What does ‘Home’ mean and can its meaning be captured by photography?
I wrote about my initial planning here having refined down several ideas I had into one topic – notions of ‘home’ as place and the attachment people feel to it. My continuing interest in this over several years had been increased by the ongoing Brexit debate since 2016 and my viewing of Hrair Sarkissian’s Exhibition “Homesick” at the Brighton Biennial last year had heightened this for me. Interestingly, having researched Michael Iwanowski’s work “Go Home Polish” recently, has confirmed my earlier thinking that it would be a very relevant topic to have as the subject of my Critical Review.
It was difficult, to begin with, to find the words to express notions of ‘home’. Use of the word ‘hiraeth’ has such emotive connotations – even the sound of it is like a sigh. I think it’s a word to be used with care otherwise it will become too generalized. I’m also aware that I stepped carefully around the way in which identity is linked with home, society and culture. That would have been a very large topic to tackle – likely a book – and maybe why, as Edward Relph commented, not much has been written specifically about home and place. In fact, thinking about it now, that would probably be a chapter in the book .
I wanted to know more about attachment; attachment to place so, first I went right back to the beginning and the connections that early human beings felt towards Earth and their place on it. Reading about the “Overview Effect” was very interesting giving me some insight into some possible aspects of the Sublime . I also read Martin Heidegger’s work Being and Time (1927) and his thoughts on different modes of Being and what does ‘to exist’ mean. This was in an effort to put myself into an awareness (rather than a considered analysis) of what is happening when I feel ‘at home’ – how am I feeling, what do my senses tell me? I realise now, having written it down, that I carried this awareness into researching the photographers’ work so that I was sensitized to the experience of home life being destroyed. I began to feel depressed at the thought that human beings haven’t changed much, despite all the knowledge and technology available at their fingertips.
I’m not religious in the accepted sense of the world so was unsure about referring to the work of Mircae Eliade on Religion. It made me wonder whether the religious beliefs about sanctity of home were stepping into a natural inclination for people to want to settle together; to nurture and protect themselves and their families. All the examples Eliade provides prove his point, he doesn’t look for contradictions. I was also struck by a reminder that religious beliefs and practices have so very often been the cause of violence and destruction.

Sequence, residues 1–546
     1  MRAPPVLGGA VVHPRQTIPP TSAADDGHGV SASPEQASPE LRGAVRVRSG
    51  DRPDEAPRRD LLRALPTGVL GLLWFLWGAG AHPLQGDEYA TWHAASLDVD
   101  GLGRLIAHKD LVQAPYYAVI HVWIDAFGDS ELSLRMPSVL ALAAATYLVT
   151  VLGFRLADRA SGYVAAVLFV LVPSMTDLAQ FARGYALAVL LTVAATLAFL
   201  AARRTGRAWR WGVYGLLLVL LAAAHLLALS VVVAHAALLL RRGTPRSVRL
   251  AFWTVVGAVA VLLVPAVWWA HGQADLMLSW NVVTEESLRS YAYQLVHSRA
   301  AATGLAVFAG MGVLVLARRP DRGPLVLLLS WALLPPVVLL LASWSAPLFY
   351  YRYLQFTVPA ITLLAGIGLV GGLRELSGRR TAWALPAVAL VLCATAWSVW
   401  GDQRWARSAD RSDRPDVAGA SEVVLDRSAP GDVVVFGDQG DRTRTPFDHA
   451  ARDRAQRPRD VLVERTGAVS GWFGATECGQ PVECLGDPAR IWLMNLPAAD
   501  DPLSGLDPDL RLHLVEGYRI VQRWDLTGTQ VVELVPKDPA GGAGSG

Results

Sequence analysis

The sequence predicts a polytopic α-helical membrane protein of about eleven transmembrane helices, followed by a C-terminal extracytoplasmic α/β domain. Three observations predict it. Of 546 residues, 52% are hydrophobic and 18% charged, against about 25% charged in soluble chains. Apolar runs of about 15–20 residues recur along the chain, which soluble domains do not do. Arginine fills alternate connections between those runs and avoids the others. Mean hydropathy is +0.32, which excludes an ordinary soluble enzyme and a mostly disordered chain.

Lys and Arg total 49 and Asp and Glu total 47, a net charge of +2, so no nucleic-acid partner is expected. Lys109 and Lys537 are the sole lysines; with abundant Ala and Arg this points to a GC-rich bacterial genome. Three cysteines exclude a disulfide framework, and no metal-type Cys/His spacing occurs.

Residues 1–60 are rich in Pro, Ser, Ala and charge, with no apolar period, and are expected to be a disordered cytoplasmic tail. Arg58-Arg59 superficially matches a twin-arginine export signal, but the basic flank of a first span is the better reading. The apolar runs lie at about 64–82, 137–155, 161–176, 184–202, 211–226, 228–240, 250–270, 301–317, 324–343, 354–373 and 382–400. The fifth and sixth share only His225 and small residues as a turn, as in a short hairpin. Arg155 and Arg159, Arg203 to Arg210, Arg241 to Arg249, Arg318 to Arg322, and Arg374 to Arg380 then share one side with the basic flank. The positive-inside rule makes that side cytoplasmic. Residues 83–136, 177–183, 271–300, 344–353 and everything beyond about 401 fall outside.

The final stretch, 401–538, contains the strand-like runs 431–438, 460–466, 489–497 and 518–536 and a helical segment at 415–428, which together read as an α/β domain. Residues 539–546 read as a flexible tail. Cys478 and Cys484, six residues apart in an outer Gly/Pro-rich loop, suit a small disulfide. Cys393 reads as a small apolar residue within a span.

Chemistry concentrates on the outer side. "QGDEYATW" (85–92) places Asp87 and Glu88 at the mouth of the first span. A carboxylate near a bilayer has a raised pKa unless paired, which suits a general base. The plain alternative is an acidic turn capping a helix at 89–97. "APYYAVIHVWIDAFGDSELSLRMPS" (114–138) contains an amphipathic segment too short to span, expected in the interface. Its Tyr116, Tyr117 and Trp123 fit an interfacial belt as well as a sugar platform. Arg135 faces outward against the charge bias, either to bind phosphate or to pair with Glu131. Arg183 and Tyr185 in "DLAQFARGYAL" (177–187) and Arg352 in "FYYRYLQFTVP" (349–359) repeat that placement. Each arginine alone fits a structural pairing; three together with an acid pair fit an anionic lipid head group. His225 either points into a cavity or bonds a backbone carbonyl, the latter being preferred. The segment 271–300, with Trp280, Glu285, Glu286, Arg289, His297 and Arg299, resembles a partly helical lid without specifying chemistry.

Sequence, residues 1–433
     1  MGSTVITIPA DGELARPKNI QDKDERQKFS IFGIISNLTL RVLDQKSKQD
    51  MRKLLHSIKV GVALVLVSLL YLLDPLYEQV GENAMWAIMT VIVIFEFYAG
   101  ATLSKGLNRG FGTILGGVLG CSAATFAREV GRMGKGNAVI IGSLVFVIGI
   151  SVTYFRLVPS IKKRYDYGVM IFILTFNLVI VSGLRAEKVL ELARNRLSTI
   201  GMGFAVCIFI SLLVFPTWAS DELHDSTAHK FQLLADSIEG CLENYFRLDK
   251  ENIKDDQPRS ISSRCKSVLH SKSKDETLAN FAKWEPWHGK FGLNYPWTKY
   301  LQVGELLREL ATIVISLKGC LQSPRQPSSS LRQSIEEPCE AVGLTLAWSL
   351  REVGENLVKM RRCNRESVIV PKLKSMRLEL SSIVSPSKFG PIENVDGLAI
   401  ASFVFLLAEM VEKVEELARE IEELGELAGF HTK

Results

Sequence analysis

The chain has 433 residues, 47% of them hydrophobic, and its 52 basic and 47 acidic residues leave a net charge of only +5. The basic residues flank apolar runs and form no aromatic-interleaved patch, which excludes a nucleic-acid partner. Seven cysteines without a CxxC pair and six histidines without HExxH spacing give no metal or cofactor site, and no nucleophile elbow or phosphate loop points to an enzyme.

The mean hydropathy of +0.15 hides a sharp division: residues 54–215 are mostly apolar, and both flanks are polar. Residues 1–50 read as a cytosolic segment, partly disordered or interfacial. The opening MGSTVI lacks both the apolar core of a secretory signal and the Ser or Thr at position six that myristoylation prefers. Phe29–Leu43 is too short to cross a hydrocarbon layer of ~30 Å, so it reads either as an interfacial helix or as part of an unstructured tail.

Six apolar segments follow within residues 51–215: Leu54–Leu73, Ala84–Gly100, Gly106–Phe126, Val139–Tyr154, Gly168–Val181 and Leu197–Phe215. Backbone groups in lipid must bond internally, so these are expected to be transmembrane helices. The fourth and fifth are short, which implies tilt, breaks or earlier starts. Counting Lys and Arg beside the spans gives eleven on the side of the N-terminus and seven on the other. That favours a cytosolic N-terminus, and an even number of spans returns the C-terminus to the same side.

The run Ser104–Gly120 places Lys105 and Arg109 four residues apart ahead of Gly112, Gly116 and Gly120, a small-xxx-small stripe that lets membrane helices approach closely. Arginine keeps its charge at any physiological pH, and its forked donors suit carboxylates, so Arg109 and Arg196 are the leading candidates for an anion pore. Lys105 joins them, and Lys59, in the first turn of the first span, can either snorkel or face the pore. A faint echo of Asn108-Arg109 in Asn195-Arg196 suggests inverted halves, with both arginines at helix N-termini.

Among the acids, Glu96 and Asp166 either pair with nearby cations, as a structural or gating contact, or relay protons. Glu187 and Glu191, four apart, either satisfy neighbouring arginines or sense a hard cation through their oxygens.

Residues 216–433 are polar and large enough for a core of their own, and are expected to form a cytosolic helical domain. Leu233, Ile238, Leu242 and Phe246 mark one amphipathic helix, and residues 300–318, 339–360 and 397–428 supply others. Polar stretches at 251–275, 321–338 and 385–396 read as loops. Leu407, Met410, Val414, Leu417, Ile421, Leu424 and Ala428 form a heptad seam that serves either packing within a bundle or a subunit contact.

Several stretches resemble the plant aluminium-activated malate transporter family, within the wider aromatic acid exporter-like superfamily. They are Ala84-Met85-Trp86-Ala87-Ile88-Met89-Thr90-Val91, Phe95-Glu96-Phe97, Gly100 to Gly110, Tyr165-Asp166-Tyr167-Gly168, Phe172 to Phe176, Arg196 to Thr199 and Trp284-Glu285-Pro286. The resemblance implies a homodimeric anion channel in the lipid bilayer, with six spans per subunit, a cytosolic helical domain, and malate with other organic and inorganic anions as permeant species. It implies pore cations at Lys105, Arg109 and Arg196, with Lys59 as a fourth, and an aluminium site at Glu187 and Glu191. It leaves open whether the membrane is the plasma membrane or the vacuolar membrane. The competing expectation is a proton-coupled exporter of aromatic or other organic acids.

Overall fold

If I was doing it again? Literary references of course with their facility to evoke emotional responses and invite empathy – a few of these are mentioned in my research notes. I had quite a few other photographers in my ‘research box’ including Krasimira Butseva and Shimon Attie. For her project Balkan Ours ( 2018) Butseva used red conversions on idyllic present-day landscapes to indicate the violence committed in the past by the historical communist regime in her country, Bulgaria (still an unspoken theme). In his work The Writing on the Wall (1991-2) Attie visually simulated long destroyed Jewish community life by projecting portions of photographs onto the same or nearby addresses where the photographs were originally taken in Berlin sixty years before. There has also recently been comment regarding the forgotten mass destruction of homes during “Kristallnacht” – the events between November 9 and 10, 1938 when violence attacks were made on Jewish communities across Germany.
During the course of my research I contacted Sarah-Jane Field, Dragana Jurisic, Hrair Sarkissian and Michael Iwanowski to explain my project and ask for permission to use their images in my essay. All of them responded very quickly to agree. Daniel Blaufuks does not have images on his website; however I do have the book and copied images from that.
There was a fairly large proportion of research I did that doesn’t appear in the Assignment itself but directed my understanding and thinking. I wished the wordcount was larger so that I could write about more photographic responses. Being without a home has so many aspects and people become homeless in so many different ways and there is no way that I would want to discount all those experiences. However, with the wordcount in mind I focussed on the polarities of what home is and what happens when home life is destroyed – the chaos and fragmentation.
I think I have established what ‘home’ means by exploring generally accepted notions. So far as my second query is concerned – can its meaning be captured by photography? I could have provided more concrete examples such as documentary series on different types of communities and how these meet their inhabitants’ beliefs about the meaning of home. However, I was more interested in exploring conceptual responses to the topic.
The Assignment brief asks for it to be critical rather than narrative. I have certainly discussed and compared theories. The biographical and historical information has been important in terms of the connections between the photographers and their subjects.